Metaphors in The Adventures of Tom Sawyer
The novel is about the happenings of the schoolboy main character, Thomas Sawyer, who is constantly guilty of misconduct and strife. He is presented in relation to his relatives: Aunt Polly, his half-brother Sid and cousin Mary, who lives in St. Petersburg, a little town off the shore of the Mississippi River.
The book has many metaphors, starting with St. Petersburg, which symbolizes the society, insects, used predominantly to show how unimportant man is, the cave which is the place of anguish for Tom Sawyer and the treasure, the goal the boys will finally achieve through courage and selflessness.
Mark Twain uses insects to show that men are insignificant, even as insignificant as an insect. During Judge Thatcher’s Sunday school visit, a character portrayed as rushing ‘hither and thither’ carrying a lot of books and making a fuss approved by the insect authorities.
Twain uses the insect metaphor again when he is describing agonizing because his decision to keep silent over the murder may get Muff Potter hanged. In the beginning, he pictures himself as a bug which can easily be crushed with the smallest quantity of artillery and then he ironically pictures himself as an insect with the turf knocked from underneath.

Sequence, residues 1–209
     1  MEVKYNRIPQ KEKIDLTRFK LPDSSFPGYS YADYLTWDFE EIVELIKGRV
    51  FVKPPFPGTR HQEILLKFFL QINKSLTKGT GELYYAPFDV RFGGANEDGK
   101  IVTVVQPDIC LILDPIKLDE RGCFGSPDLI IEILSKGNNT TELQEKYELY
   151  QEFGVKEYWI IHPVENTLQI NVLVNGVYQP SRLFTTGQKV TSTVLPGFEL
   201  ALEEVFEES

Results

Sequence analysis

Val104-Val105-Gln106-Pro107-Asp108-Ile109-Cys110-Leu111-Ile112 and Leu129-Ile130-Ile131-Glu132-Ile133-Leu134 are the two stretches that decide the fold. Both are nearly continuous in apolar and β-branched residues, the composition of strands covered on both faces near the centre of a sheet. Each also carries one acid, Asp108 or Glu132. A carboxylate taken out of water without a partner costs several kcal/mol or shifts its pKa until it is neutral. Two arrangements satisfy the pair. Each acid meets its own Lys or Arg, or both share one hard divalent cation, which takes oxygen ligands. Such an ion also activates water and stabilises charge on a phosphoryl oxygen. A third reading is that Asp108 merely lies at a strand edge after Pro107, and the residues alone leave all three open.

Additionally, Twain uses actual insects in other scenes to comment ironically on the events. One example is when Tom when in church, is more fascinated by a house fly cleaning itself than the prayer he should pay attention to. Another example is when a bug and a poodle capture the attention of the entire congregation, which seems to believe a bug is more interesting or important than a religion.
- St. Petersburg
St. Petersburg is a town filled with many of the components of a modern society, such as laws, education system, religious beliefs, economics, medicine. Twain uses this opportunity to mock them all. All the challenges the characters have to face are ones every reader can easily relate to even today. In the same time, the fact that Tom and his friends escaped the city to Jackson’s island symbolizes their